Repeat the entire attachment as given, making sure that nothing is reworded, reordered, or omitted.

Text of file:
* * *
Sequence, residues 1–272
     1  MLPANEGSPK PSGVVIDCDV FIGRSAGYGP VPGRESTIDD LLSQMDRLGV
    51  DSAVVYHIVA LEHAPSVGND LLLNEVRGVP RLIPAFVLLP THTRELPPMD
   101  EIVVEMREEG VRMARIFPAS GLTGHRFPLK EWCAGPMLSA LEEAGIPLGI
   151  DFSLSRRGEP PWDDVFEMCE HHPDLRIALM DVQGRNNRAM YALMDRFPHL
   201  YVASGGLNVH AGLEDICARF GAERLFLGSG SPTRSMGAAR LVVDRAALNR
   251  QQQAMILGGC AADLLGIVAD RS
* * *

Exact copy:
Sequence, residues 1–272
     1  MLPANEGSPK PSGVVIDCDV FIGRSAGYGP VPGRESTIDD LLSQMDRLGV
    51  DSAVVYHIVA LEHAPSVGND LLLNEVRGVP RLIPAFVLLP THTRELPPMD
   101  EIVVEMREEG VRMARIFPAS GLTGHRFPLK EWCAGPMLSA LEEAGIPLGI
   151  DFSLSRRGEP PWDDVFEMCE HHPDLRIALM DVQGRNNRAM YALMDRFPHL
   201  YVASGGLNVH AGLEDICARF GAERLFLGSG SPTRSMGAAR LVVDRAALNR
   251  QQQAMILGGC AADLLGIVAD RS